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I believe in evidence

Penelope Gibbs
02 Mar 2019

“Don’t you believe in anything?” “Yes”, Isaac Asimov said. “I believe in evidence. I believe in observation, measurement, and reasoning, confirmed by independent observers”. I’m getting increasingly frustrated by the lack of evidence underpinning much of our criminal justice system. The system is highly coervice, and limits individual freedom. If there is good evidence for enforcement, fair enough. But too much is done on the basis of supposition and belief.

Despite government focus, current policy on domestic abuse has a weak evidence base. We don’t know why incidents of domestic abuse have been going down (according to the Crime Survey of England and Wales), but a greater proportion of these crimes are being reported. We don’t know what factors in a person’s life makes them stop abusing, nor what interventions or programmes improve the safety of victims. We have no long term studies of victims or abusers.

We do know however (from international studies) that criminal sanctions do not reduce abuse, and that more punitive sanctions are associated with an escalation in abuse. We learnt recently that CRC companies working with domestic abuse perpetrators are “making up” rehabilitation programmes, while the accredited programmes have no outcome evaluations.

The inspectorate of police (HMICFRS) has just published a review of how forces deal with domestic abuse. They measure performance against a framework of indicators. Some of these are just common sense – like being able to track how often victims of domestic abuse call the police, and seeking feedback from all alleged victims, not just those who agree to co-operate with prosecution.

But the inspectorate also sets up performance targets that have scant evidence base. In this report, as in previous, they imply that more arrests for domestic abuse are necessarily better. HMI Zoe Billingham wrote “I’m troubled that we found the number of arrests for domestic abuse-related crimes fell in 23 forces, despite the overall number of these offences increasing, often substantially. Forces need to be able to explain why this is happening, and ensure they are taking positive action to protect victims”. But there is no research to support the policy of always prosecuting domestic abuse. Evidence for specialist out of court disposals suggests they are as (sometimes more) effective as court sentences in reducing offending.  And the risk of prosecuting is that victims are often reluctant to co-operate so police often end up taking no action at all, or cases collapse.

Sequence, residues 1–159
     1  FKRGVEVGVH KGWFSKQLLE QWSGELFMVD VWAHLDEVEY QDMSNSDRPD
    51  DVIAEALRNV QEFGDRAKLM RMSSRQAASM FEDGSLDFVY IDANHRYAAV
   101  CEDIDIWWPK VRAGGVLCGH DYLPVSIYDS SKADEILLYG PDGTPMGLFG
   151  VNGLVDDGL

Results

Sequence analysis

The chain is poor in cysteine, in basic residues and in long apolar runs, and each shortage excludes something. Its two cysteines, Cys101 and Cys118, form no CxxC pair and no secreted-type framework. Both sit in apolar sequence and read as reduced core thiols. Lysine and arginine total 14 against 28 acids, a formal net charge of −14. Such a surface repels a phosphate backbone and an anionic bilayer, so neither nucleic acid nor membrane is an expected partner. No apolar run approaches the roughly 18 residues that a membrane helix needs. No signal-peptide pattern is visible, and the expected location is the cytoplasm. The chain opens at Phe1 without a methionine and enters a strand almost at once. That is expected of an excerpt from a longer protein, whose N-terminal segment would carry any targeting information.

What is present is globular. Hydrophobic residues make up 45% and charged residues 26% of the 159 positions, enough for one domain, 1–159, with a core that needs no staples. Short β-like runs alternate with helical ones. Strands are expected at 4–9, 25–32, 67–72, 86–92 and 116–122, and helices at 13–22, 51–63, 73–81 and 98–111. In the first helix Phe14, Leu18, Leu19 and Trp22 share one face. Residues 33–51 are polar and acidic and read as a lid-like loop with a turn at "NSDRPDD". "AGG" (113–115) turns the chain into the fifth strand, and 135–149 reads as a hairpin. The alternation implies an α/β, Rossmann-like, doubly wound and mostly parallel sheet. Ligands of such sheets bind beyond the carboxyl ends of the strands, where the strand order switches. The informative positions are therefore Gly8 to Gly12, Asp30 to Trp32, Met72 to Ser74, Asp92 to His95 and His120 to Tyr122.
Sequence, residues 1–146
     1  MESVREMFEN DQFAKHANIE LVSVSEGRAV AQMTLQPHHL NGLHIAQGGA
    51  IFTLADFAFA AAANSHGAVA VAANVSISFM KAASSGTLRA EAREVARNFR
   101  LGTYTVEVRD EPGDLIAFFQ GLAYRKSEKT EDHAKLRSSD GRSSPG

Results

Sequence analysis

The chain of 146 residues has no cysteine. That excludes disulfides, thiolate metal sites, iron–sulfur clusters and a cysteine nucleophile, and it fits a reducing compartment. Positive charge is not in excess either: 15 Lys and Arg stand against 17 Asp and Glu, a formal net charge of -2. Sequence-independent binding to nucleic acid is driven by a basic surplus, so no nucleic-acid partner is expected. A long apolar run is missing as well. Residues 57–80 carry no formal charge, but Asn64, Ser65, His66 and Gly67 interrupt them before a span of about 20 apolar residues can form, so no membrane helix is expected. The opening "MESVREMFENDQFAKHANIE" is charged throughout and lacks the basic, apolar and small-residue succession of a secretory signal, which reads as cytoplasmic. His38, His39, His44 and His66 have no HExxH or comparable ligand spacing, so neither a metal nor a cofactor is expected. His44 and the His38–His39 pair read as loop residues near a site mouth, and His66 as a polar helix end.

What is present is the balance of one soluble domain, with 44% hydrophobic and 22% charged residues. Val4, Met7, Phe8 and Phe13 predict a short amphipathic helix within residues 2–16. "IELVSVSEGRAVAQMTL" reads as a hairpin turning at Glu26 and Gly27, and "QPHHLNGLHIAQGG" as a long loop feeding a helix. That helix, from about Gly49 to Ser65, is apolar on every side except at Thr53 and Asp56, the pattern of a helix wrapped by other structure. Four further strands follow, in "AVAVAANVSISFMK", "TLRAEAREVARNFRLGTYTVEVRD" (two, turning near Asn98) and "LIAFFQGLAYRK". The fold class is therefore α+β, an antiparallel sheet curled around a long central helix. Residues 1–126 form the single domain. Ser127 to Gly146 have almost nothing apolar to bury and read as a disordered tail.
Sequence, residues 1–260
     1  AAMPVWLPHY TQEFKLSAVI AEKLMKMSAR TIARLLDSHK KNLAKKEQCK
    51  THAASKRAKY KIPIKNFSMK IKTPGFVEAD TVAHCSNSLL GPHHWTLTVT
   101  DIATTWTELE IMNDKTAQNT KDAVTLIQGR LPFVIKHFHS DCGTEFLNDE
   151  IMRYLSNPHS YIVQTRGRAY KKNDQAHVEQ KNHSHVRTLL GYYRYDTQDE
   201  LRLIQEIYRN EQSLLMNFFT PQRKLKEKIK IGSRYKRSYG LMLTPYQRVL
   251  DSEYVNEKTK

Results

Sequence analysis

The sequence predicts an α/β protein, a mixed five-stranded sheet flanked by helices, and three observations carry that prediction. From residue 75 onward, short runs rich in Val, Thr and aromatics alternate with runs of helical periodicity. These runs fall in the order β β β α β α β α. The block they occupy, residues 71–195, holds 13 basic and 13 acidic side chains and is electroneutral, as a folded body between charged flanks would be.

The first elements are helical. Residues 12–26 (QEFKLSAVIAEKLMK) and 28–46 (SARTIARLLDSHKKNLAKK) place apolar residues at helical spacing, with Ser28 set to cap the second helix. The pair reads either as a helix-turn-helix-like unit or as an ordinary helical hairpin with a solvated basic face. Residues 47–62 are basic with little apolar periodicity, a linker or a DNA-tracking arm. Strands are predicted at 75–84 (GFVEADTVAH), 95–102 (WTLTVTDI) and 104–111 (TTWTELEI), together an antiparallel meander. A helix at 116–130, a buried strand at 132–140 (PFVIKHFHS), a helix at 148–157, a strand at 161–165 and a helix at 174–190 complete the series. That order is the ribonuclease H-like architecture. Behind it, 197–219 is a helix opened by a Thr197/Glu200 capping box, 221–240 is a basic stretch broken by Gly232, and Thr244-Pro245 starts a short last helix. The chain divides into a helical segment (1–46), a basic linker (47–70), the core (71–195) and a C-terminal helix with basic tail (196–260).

HMICFRS also encourages forces to use domestic violence protection orders (DVPOs) – civil orders imposed on those suspected on the balance of probabilities of committing domestic abuse. The report hails a 14% increase in the use of DVPOs as positive. These orders are highly restrictive, forcing suspected abusers to live away from home and not to contact the victim. They sound like a good idea, but the evidence for these orders working is not strong. The original evaluation was based on a relatively small number of matched samples, found DVPOs did not work in the case of victims who had called the police out only once or twice, and that the orders were not cost effective. There is no long term research on whether these orders do protect victims.

Inspectors have huge power to change police behaviour. And it is great that HMICFRS has encouraged police to take domestic abuse more seriously. But their emphasis on enforcement and prosecution may have incentivised police to put scarce resources into prosecuting cases that would be better dealt with out of court. Of course the police, Transform Justice and HMICFRS agree that high risk abusers who do great damage to victims need to be prosecuted and, if convicted, imprisoned but most cases are not high risk.

It is not HMICFRS’ responsibility to commission research. So its not their fault that there are huge gaps in what we know about what works to reduce abuse. But in the absence of evidence maybe they could be more wary of pushing particular interventions.  Lets create a new performance framework based on measures of procedural justice and on outcomes.  Did alleged victims and perpetrators feel that they were dealt with respect? Did alleged victims successfully access support? If a caution was used, did the perpetrator re-offend? If you got Chief Constables, police domestic abuse leads and experts together and asked them to put together a performance framework along these lines, it would then have the full buy-in of practitioners themselves.